The mother of Victoria Climbie, who was tortured and murdered in 2000, says she is "shocked" that lessons from the case have still not been learned.
The eight-year-old, who lived with her great-aunt in Haringey, north London, died after various agencies failed to act on signs she was being abused.
Her mother, Berthe, says the deaths of other children in similar circumstances since then show nothing has changed.
She is demanding a government review of why professionals are failing children.
Lord Laming, who headed the inquiry into Victoria's death, told the BBC he shared many of Mrs Climbie's "frustrations".
Speaking through a translator in a BBC interview, Mrs Climbie said she felt shocked and betrayed by the fact that the same sorts of mistakes which led to her daughter's death were still being made by the people who were supposed to protect vulnerable children.
"I am still learning that other children are still dying," she said. "We see the same sort of tragedies here as the things that happened to the little one."
They [local authorities] gave their word, but they did not live up to their responsibilities
She said she had "forgiven" those whose mistakes had led to her daughter's plight going unnoticed.
"When you lose a child it's never easy. At first it makes your heart bleed and gradually you have to try to forget what has happened and pray for the person's soul."
She also thanked the government who launched the inquiry into Victoria's death.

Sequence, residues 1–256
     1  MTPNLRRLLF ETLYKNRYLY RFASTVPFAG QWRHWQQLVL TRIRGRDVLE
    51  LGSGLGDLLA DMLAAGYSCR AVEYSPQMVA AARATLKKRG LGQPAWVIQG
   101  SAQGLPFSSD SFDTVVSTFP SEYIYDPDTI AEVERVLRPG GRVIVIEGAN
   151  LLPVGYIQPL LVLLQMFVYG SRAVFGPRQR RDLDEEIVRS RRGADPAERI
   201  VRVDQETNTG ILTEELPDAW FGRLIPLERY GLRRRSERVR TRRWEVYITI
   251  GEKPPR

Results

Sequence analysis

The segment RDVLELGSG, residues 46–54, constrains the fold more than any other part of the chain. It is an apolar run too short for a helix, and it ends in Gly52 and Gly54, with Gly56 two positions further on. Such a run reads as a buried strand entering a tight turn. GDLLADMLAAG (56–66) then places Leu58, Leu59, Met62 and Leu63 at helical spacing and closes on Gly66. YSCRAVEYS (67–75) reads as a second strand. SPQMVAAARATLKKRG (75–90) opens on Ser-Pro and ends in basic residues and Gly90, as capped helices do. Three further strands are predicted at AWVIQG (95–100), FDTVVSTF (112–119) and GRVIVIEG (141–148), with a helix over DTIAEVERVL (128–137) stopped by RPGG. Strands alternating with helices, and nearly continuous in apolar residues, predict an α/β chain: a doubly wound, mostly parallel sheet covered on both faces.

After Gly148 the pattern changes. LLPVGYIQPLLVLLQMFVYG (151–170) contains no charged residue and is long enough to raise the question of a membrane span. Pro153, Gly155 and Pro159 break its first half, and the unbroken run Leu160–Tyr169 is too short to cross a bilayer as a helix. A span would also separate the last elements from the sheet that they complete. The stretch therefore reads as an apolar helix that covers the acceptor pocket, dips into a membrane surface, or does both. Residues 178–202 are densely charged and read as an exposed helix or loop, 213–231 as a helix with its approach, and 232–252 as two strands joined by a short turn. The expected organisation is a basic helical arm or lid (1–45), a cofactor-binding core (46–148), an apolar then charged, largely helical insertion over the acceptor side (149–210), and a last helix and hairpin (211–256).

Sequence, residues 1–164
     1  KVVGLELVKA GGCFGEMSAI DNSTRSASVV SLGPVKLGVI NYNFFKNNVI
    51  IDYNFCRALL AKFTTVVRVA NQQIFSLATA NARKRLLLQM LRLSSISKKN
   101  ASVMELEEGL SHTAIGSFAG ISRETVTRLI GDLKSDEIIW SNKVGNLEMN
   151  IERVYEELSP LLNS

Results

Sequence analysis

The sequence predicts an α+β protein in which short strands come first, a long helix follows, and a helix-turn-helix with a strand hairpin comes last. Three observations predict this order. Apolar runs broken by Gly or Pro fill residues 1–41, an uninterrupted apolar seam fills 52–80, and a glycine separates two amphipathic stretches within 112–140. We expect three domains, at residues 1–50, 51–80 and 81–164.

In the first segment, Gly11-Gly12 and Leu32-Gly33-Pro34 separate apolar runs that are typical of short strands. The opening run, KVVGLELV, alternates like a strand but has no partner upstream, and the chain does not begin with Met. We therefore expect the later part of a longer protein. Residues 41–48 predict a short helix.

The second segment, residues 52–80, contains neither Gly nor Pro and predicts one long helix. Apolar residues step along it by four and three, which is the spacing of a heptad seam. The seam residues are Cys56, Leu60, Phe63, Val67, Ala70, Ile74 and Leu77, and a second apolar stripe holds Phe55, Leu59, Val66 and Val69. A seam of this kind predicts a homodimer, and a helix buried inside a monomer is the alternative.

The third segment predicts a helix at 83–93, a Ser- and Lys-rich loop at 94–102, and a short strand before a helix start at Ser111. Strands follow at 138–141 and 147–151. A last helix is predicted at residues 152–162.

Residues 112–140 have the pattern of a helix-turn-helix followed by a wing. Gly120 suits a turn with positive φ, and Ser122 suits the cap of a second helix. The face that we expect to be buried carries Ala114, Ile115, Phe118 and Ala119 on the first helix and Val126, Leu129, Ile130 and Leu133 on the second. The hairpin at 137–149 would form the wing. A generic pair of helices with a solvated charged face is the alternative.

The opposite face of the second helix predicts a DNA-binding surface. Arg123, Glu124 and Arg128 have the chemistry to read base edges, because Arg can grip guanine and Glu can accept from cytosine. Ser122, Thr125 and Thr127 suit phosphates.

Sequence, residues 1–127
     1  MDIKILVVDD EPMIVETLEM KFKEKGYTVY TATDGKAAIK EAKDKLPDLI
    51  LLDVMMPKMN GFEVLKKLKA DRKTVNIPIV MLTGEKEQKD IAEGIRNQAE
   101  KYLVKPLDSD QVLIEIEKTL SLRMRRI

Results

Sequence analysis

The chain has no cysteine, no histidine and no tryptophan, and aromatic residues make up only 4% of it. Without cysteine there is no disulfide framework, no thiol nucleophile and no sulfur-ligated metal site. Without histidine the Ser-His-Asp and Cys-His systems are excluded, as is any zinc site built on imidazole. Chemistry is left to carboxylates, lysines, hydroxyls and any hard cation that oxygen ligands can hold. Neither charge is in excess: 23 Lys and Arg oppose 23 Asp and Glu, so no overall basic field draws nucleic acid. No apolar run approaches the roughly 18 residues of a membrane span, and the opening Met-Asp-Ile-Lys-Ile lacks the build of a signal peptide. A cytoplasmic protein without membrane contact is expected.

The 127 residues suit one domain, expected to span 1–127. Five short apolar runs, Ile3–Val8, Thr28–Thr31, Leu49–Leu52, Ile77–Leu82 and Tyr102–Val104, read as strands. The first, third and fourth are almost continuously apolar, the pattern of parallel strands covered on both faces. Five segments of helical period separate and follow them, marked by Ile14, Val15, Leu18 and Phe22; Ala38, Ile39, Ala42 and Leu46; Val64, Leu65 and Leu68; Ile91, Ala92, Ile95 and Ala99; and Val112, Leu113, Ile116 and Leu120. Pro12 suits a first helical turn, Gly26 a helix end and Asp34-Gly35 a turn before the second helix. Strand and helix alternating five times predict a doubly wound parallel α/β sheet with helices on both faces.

"At the end of six months there were many things that were learned from the green paper - a framework for children. How to stop this happening again."
But she said she was shocked institutions had not followed the findings.
She criticised local authorities for failing to fully implement recommendations made by Lord Laming, who led the inquiry into Victoria's case, despite changes in the law.
"They gave their word, but they did not live up to their responsibilities," she said. This she found "heartbreaking" she said, because children were "still dying".
We ought to be intolerant of bad practice
Victoria died in February 2000, from abuse and neglect while living with her great-aunt Marie-Therese Kouao and her boyfriend Carl Manning. They were jailed for life in January 2001 for her murder.
The young girl - whose body was riddled with 128 injuries when she died - had been seen by professionals 12 times, but each time they failed to pick up the abuse.
The case caused an outcry and led to a series of recommendations which were supposed to change the child protection system for good.
Mrs Climbie, who lives in Ivory Coast, is in the UK for the first time since the publication of Lord Laming's report five years ago.
She is to attend a conference organised by the Victoria Climbie foundation.
Responding to Mrs Climbie's comments, Lord Laming, said he agreed with her.
"I still don't have full confidence in the abilities of social services to protect children who are known to them," he said.
He said the picture country-wide was "patchy".
"There are some parts of the country where there is a clear commitment... by all the key services to work together."
But, he said, there were other parts that were failing to implement the report's findings.
Some services were "still reactive", he said.
"We ought to be intolerant of bad practice," he added.
Dr Maggie Atkinson, president of the Association of Directors of Children's Services, said local authorities that were not following best practice were in the "absolute minority".
She said things had "very definitely" changed.
But Dr Atkinson admitted the recent case of Khyra Ishaq, a seven-year-old who apparently starved to death in Birmingham, showed there was still some way to go.
She said: "There are 11 million children in this country and any death is an absolute tragedy.
"We had another absolutely awful story from Birmingham last week - the details of which are still not known so let's not speculate - but it's clear that the system still has some development to do and still has a lot of lessons to learn."
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